I also have not gone to a yoga class, written a blog post, cooked a full meal or seen my Chinese colleagues, though I am working and have been on more conference calls than I would care to admit.  My husband went with me for part of the vacation time, but I haven’t seen him either for coming up on four weeks.

It is discombobulating to be in so many different places but also invigorating.  I remember last year in the fall when I didn’t travel for about three months how antsy I got.  Hopefully this trip will cure me of my traveling bug, at least for a while.

And I know that every five years I get to do it again.  Not bad.

I am back blogging now, but may be a little sporadic until I make it back to China.  The fluidity of my schedule can be tough to predict as well as uploading photos when I am not    home.  Let’s see how it goes.

What is the longest you’ve been away from home?  Why were you away?  If you could take 31 days to travel, where would you go?

Wuzhen – a water village

23 May

In April we held a large event for our vendor community.  Because we called on resources all across China we decided to do a team building event the following day and take advantage of our colleagues from different places all being together.  The location of the offsite was Wuzhen – a water village about two hours outside of Shanghai.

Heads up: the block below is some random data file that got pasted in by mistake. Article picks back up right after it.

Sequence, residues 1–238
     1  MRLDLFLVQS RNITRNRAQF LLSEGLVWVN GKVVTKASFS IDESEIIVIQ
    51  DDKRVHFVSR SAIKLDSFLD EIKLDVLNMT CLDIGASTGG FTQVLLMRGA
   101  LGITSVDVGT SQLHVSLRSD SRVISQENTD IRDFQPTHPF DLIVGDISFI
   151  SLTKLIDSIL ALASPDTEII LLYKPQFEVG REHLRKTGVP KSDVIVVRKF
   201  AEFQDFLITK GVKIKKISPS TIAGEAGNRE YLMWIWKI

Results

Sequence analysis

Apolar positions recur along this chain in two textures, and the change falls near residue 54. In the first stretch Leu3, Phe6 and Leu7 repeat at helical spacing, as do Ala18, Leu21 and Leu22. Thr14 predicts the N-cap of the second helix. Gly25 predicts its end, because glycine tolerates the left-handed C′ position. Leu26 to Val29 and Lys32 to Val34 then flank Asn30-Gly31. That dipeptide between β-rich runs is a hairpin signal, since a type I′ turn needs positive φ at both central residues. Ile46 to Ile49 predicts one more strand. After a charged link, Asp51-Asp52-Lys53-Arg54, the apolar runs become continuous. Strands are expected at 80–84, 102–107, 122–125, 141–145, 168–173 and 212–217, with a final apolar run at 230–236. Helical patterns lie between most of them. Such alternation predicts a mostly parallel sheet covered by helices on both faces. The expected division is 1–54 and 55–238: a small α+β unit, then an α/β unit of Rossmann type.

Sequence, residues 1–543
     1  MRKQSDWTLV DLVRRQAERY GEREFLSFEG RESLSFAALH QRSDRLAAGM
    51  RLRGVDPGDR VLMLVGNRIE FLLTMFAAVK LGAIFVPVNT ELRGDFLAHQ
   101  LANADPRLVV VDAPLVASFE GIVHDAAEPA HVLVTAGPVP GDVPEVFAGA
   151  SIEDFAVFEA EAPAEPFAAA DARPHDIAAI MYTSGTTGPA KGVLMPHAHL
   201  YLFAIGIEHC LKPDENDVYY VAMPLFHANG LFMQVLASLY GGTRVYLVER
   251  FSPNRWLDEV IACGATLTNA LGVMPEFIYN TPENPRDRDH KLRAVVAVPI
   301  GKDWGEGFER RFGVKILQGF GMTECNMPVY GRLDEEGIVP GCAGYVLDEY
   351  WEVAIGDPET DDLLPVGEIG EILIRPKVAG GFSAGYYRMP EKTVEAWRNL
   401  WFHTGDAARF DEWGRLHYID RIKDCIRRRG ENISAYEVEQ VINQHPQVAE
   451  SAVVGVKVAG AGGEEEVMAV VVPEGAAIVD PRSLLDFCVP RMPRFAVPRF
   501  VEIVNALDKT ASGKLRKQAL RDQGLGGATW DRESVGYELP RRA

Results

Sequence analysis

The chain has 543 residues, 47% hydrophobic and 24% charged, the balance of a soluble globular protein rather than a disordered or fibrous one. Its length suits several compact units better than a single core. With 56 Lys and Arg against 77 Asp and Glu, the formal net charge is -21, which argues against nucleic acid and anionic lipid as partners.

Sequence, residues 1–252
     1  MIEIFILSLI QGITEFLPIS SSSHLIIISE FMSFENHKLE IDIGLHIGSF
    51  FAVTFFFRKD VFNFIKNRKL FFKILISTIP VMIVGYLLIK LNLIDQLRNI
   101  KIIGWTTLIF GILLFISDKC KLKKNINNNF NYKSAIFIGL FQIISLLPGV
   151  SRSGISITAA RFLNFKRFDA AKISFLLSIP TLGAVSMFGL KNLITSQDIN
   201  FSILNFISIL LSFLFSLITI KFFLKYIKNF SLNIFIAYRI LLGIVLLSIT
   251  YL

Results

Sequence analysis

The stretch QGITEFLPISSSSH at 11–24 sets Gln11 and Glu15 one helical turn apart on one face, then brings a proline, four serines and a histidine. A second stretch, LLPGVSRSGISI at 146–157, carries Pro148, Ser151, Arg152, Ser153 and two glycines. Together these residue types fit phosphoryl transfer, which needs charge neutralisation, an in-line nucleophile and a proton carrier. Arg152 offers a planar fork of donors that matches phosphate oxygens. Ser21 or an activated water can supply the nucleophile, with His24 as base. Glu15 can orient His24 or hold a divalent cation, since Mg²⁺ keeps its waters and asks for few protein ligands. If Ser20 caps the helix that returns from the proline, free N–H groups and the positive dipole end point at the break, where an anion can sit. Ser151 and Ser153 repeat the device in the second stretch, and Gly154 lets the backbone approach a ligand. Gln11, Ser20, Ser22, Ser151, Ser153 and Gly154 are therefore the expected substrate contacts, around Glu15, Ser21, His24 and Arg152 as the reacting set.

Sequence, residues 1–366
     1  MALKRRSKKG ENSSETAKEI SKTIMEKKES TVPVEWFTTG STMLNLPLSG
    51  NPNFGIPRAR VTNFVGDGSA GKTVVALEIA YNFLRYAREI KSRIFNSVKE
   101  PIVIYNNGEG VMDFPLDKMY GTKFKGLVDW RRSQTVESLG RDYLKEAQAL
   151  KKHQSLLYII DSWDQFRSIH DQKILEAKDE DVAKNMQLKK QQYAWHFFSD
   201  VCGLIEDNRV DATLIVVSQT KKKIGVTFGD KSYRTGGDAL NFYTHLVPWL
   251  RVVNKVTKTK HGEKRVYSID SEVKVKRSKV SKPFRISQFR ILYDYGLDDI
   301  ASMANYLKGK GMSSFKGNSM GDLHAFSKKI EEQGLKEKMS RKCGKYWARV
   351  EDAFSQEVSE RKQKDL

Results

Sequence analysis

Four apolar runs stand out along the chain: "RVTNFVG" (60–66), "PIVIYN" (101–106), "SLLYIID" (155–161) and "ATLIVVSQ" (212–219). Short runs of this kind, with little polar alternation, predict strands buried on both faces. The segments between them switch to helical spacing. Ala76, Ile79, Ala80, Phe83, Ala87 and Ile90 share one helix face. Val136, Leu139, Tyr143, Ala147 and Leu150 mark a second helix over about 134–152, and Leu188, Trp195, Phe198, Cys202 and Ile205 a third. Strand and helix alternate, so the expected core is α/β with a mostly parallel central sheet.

I had been to another water village Zhujiajiao four years before, but that visit had occurred in January so I had never really gotten the full sense of the magic of the water villages before.

For the purist, Wuzhen is not a living water village anymore.  Most of the original houses have been turned into restaurants or guest houses and there are boutique shops that line the streets of the town.  There are myriads of shoe stores, sweet shops selling local delicacies and expensive water taxis that will take the well heeled tourist from one side to the other.  After seeing it though, that doesn’t matter to me – the beauty and peacefulness that I found there made it one of the least crowded and enjoyable mornings I have spent in China thus far.

It started the night we arrived where above the reception area were lanterns representing a dragon and a phoenix.  They illuminated the dark room and gave a sense of magic to the space.